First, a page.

Listed Building

The only legal part of the listing is the address/name of site. Addresses and building names may have changed since the date of listing – see ‘About Listed Buildings’ below for more information.


Status: Designated


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Date Added
Local Authority
Planning Authority
NT 12824 80651
312824, 680651


Dated 1880. Single storey, attic floor and basement, 3-bay rectangular-plan villa with classical detailing. Coursed hammer dressed ashlar to E, polished ashlar to W with red tinted pointing, coursed hammer dressed rubble to N and S. Long and short droved and stugged quoins; stone cills; base course, geometric fretwork base course to E and W; band course to E and W. Block carved polished mouldings; pedimented and colonnaded entrance door; canted bays; giant dormers to E and W.

W (PRINCIPAL) ELEVATION: symmetrical elevation. Steps to central doorpiece, bracketed and scalloped pediment supported by crocket capitals and plain shafts, round-headed fanlight; flanking 3-light canted bay windows, bellcast roofs. Small central round-headed dormer window to attic floor; flanking 3-light canted dormer windows with dentilled cornice, polygonal piended roofs, fishscale and square coursed slated cheeks, wrought-iron finials.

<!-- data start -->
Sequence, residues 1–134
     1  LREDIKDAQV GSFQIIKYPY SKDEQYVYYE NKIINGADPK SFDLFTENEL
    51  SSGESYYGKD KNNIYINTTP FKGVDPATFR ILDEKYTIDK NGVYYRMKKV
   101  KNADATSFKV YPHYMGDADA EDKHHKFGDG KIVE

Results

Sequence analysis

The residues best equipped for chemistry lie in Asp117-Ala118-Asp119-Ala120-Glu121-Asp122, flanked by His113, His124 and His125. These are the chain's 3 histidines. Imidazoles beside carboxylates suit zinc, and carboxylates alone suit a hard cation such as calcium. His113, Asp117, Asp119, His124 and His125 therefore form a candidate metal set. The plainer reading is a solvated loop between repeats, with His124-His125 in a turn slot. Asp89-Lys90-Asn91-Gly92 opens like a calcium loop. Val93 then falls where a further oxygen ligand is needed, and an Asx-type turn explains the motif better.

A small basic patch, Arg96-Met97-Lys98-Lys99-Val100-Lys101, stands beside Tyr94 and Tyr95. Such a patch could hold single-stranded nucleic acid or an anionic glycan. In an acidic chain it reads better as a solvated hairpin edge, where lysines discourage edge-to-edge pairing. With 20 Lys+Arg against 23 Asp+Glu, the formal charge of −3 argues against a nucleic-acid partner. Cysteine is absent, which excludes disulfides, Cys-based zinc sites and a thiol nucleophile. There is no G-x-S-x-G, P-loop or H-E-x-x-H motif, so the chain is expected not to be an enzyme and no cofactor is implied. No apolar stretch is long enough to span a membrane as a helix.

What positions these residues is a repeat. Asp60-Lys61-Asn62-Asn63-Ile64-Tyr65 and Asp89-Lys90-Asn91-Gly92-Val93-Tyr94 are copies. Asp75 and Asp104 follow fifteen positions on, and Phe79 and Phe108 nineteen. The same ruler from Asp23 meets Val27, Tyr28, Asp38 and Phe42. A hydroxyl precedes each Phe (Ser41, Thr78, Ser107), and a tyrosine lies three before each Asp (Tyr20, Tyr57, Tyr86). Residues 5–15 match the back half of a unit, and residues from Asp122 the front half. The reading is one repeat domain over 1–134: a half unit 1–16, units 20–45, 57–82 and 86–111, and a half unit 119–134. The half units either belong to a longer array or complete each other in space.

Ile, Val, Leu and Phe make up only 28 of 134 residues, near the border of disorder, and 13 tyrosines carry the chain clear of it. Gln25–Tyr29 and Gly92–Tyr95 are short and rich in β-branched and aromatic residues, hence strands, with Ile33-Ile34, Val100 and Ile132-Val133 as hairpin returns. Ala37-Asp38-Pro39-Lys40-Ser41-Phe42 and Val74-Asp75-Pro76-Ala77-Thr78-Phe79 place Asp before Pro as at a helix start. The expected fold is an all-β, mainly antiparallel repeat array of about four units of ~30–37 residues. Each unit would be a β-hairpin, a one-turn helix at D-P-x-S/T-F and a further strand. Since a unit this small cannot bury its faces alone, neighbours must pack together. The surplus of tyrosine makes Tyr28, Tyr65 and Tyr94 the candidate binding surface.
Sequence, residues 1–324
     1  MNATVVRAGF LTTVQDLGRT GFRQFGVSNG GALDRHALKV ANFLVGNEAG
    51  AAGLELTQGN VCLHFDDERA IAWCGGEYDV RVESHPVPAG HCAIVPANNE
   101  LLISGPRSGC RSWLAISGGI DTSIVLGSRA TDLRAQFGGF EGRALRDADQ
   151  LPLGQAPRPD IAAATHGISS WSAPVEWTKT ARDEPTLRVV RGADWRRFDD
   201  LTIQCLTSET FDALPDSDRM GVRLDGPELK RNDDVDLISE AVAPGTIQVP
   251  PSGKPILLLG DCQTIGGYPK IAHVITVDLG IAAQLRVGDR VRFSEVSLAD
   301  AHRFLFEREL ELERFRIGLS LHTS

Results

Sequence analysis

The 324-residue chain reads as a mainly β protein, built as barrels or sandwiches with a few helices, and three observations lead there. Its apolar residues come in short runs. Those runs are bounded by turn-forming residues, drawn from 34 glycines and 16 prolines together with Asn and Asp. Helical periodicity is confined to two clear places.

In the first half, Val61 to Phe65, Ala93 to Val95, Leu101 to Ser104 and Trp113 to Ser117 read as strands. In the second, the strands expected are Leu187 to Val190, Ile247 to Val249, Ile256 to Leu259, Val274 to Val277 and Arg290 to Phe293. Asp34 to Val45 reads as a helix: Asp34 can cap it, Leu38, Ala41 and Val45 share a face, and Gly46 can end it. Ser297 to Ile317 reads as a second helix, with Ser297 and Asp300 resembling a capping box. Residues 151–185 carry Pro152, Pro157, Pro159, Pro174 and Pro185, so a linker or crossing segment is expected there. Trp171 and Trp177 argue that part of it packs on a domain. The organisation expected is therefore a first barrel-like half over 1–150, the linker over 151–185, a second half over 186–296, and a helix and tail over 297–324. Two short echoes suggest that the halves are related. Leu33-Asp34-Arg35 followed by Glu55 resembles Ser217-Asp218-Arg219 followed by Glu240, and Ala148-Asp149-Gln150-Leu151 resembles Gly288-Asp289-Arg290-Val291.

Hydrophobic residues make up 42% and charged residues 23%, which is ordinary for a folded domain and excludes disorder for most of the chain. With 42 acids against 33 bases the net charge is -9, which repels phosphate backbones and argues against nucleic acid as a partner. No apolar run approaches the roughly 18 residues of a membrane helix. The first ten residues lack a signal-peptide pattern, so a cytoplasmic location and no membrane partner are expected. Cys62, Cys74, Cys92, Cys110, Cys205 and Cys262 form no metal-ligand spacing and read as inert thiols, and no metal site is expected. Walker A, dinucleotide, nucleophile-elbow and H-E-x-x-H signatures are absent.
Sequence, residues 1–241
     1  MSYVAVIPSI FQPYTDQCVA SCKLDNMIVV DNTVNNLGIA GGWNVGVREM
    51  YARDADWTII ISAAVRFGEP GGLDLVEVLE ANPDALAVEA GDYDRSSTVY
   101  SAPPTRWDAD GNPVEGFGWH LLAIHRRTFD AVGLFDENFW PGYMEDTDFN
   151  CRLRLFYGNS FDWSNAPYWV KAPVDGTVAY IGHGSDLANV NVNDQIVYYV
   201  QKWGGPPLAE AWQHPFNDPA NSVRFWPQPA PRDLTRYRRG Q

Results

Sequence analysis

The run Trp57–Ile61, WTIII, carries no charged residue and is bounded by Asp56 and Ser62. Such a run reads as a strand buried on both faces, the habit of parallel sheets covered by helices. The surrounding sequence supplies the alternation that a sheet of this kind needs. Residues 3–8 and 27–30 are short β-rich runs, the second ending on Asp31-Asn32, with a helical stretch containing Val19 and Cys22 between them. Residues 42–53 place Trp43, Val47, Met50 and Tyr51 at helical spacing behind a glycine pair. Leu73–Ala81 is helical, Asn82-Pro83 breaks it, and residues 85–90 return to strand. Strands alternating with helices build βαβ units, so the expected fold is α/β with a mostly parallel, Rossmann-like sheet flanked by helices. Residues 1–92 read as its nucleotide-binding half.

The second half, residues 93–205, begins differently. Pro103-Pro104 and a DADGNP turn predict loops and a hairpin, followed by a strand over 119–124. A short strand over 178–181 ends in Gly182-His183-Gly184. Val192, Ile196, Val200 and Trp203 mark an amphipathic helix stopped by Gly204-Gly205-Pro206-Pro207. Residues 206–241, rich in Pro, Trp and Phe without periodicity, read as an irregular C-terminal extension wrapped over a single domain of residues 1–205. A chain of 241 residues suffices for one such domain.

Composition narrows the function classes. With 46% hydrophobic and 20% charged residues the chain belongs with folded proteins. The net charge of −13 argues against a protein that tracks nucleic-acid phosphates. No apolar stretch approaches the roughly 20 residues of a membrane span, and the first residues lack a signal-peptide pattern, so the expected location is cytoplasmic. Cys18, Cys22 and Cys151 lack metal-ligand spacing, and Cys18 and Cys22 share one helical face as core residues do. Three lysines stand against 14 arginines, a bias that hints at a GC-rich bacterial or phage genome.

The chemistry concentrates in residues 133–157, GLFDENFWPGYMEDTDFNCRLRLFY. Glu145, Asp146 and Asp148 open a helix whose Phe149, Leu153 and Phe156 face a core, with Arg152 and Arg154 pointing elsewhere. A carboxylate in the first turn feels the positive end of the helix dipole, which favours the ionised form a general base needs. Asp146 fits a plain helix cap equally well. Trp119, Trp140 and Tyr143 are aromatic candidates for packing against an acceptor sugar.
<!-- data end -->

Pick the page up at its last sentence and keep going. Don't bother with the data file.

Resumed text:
S ELEVATION: 2 basement windows partially sunk below ground level; central window at ground floor.

E ELEVATION: symmetrical elevation. Central round-headed stair window close to eaves above small window; flanking bipartite stop-chamfered windows, anthemion and scrolled block carved mouldings in pediment. 2 dormer windows identical to W elevation, wrought-iron finial to right dormer (left finial missing).

N ELEVATION: basement window partially sunk below ground level to right; central modern timber lean-to porch at ground floor; round-headed window centred above;

Plate glass in timber sash and case windows; margin paned stair window. Pitched roof; grey slates; corniced ashlar gablehead stacks; circular clay cans.

INTERIOR: original Minton tiles to vestibule and hall; fine arched and modillion corniced entrance hall with original wooden staircase to rear; deep ornamental cornicing and original ceiling roses to all public rooms; no original fireplaces remain. Large unfinished basement with separate rooms, including washroom containing original boiler and sink, large internal window openings to rooms.

GATEPIERS and BOUNDARY WALLS: square-plan stop-chamfered sandstone gatepiers; moulded stone base for cast-iron railings (now missing) to E; coped random rubble walls to N, S and W.

OUTBUILDING: single storey, 3-bay rectangular-plan coach house. Hammer-dressed coursed sandstone to S and E, random rubble to N and W; hammer-dressed long and short quoins; ashlar cills and eaves course to E. E (principal) elevation: central timber boarded round-headed door; flanking round-headed plate glass in timber sash and case windows. S elevation: large 2-leaf timber carriage door. W elevation: plain wallhead, incorporating boundary wall. N elevation: timber boarded door to left; small timber shuttered opening to right. Piended slate roof.

GARDEN WALLS: 3-tiered garden in grounds falling to W; dry rendered retaining walls, squared hammer dressed stones throughout; 2-flight central steps (aligned with door to villa), coped low balustrade, stone urns to top and to middle landing, carved rosettes to base.

Statement of Special Interest